A passage from MEChA's national website reads: ‘As Chicanas and Chicanos of Aztlán, we are a nationalist movement of Indigenous Gente that lay claim to the land that is ours by birthright. As a nationalist movement we seek to free our people from the exploitation of an oppressive society that occupies our land. Thus, the principle of nationalism serves to preserve the cultural traditions of La Familia de La Raza and promotes our identity as a Chicana/Chicano Gente.’[7] Such statements have led MEChA to be criticized by a variety of sources, including the National Review[8] and Michelle Malkin[9] which alleges that MEChA is a Hispanic nationalist organization tinged with racist and separatist views. Groups such as American Patrol are even more vitriolic in their criticism, accusing MEChA of outright Aztec supremacism and irredentism. The Times Online has referred to MEChA as "a radical Latino student organisation"[10] in describing the associations of California gubernatorial candidate Cruz Bustamante.

Much of the criticism addresses statements made by individual MEChA members or chapters, as opposed to the official agenda of the national organization. Critics also point out the group's use of the word Aztlán: To many, this word calls to mind a region comprising much of the Southwestern United States and as a result, some critics feel use of the phrase implies support for the controversial theory of reconquista. While MEChA supporters point out that the Aztlan mythology itself does not refer to reclaiming conquered lands, it simply describes the ancestral home of the Aztec people.

Also controversial is the phrase "Por La Raza todo, Fuera de La Raza nada", which is often translated as "For the Race, everything, outside the Race, nothing", though this is disputed. Many critics of MEChA see this statement as ethnocentric and racist. This phrase appears in El Plan Espiritual de Aztlán and is often claimed to be the "slogan" of MEChA, despite little attestation of its use by MEChA members or alleged importance within MEChA. The official motto of MEChA, as seen in its logo, is "La Unión Hace La Fuerza", meaning "Unity Makes Strength".[1] MEChA members themselves differ in their interpretations of "La Raza". While some use the term to strictly refer to only mestizos and Chicanos, others use it to mean all Hispanics and minorities. A likely origin of the phrase is the Cuban communist Revolution, which used a similar slogan: "Por la revolución todo, fuera de la revolución nada!"

A 1998 MEChA youth conference at California Polytechnic State University (Cal Poly) featured a printed program that introduced the school as "Cal Poly State Jewniversity". The program also referred to New York as "Jew York". When the Anti-Defamation League objected to the program, the university’s MEChA chapter issued a formal apology. MEChA has also been linked to La Voz de Aztlán (The Voice of Aztlan), a Chicano webzine that regularly publishes articles attacking Jews, Zionism, and Israel.

The National Council of La Raza has distanced itself from MEChA due to controversial allegations made by some of its members. In a public press release, NCLR declared, "NCLR freely acknowledges that some of the organization’s founding documents, e.g., Plan Espiritual de Aztlán, contain inappropriate rhetoric, and NCLR also acknowledges that rhetoric from some MEChA members has been extremist and inflammatory... NCLR has publicly and repeatedly disavowed this rhetoric".[11]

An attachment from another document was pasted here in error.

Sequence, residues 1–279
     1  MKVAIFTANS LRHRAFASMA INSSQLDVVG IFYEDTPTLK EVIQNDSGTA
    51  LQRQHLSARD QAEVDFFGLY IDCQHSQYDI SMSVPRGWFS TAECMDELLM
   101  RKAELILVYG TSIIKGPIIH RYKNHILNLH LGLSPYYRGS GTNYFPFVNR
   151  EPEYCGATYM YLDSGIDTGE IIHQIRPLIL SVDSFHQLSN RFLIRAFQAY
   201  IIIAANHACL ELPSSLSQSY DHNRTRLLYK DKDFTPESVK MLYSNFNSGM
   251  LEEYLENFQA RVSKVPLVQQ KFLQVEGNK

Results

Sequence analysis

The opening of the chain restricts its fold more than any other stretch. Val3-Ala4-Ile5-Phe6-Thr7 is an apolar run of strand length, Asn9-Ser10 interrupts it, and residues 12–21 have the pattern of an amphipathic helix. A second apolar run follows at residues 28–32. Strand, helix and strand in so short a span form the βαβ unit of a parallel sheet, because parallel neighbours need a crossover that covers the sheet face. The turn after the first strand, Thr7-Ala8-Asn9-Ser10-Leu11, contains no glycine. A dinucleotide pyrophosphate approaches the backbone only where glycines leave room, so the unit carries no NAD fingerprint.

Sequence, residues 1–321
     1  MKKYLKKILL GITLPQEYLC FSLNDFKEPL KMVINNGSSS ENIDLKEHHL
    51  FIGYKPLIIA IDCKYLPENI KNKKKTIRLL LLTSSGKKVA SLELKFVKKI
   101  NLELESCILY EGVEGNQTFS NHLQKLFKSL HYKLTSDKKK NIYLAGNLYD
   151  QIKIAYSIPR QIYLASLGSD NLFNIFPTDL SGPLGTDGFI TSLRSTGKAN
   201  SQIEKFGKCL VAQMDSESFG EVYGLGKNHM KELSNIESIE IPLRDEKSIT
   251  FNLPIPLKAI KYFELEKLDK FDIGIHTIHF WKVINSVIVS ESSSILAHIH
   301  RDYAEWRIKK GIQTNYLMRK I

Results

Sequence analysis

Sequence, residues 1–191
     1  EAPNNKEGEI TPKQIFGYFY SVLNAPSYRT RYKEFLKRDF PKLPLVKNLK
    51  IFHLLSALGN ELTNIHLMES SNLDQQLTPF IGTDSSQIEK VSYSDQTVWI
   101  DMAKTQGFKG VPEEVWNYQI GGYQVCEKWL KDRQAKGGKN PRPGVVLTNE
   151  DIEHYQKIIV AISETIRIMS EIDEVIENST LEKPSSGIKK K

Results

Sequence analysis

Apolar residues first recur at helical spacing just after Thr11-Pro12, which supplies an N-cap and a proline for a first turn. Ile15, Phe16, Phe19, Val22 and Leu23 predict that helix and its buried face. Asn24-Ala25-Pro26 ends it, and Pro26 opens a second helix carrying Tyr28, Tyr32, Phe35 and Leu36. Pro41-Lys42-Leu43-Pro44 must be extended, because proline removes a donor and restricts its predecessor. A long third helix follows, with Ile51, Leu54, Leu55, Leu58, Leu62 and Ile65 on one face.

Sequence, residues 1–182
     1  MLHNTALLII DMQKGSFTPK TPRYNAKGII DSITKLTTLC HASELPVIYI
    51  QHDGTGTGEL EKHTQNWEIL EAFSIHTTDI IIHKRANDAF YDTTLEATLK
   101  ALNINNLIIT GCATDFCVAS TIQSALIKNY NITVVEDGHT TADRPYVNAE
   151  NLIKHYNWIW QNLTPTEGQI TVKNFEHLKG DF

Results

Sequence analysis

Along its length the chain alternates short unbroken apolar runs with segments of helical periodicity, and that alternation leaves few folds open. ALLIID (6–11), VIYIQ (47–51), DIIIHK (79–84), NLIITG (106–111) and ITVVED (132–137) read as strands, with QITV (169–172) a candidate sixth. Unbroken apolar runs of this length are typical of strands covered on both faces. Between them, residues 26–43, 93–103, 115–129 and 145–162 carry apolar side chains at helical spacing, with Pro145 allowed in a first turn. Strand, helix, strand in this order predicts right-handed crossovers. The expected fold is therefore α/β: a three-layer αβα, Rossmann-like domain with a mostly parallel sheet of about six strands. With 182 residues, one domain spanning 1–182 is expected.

Controversies

  • The national MEChA organization claims to not advocate violence, citing the example set by the late labor activist César Chávez. However, on several occasions, MEChA members and chapters have been involved or implicated in violent or criminal disturbances. In the largest such instance, on May 11, 1993, Chicano students at University of California, Los Angeles (UCLA) caused damage to the Faculty Center estimated between $35,000 to $500,000 during a riot which ensued following the university administration's rejection of the creation of a Chicano Studies program.[12][13]
  • In February 2002, MEChA members were implicated in the theft of an entire press run of a particular issue of the UC Berkeley conservative newspaper California Patriot which was featuring an article that labelled MEChA a "neo-Nazi"-like organization. Police reported that over 3,000 copies (valued at $1,500 - $2,000) were stolen during a break-in at the Patriot office in Eshleman Hall. The issue of the paper included an article, entitled "MEChA: Student Funded Bigotry and Hate," blames the group for impeding "advances in civil rights toward a colorblind American society" through "anti-American hate" and "a mentality that leads its adherents to believe anyone who is white and male is to blame for any historical injustice." However, MEChA denied any involvement in the incidents and "condemns harassment," said Livia Rojas, a leader in the group. The case was ultimately dropped as insufficient evidence was found to implicate any suspects.[14][15]
  • On May 18, 2006, MEChA members claimed (in writing) to have destroyed the entire press run of the May 18, 2006 issue of the Pasadena City College newspaper. Nearly all 5,000 copies of the Courier were removed from newspaper boxes on the Pasadena, California, campus, torn in half and returned to the paper's campus office with a signed note claiming responsibility. The letter expressed disappointment for the lack of coverage provided for a MEChA-hosted event on May 12, 2006, which had involved "months of hard work". It ended stating: "As students of P.C.C., we can not accept this issue of the Campus Courier."[16]

Annual National MEChA Conferences

In 1993 MEChA de Cal State Fullerton (CSUF) hosted the National Chicana/ Chicano Leadership Conference. The next year was the first annual National MEChA Conference at Arizona State University (ASU). The conference has taken place at the following campuses:

California Statewide Conferences

California MEChA statewide conferences are held twice a year, during the fall and spring semesters. The hosting chapter must rotate between the three California regions (Alta Califas Norte, Centro Califaztlán, and Alta Califas Sur).

References

External links

Critics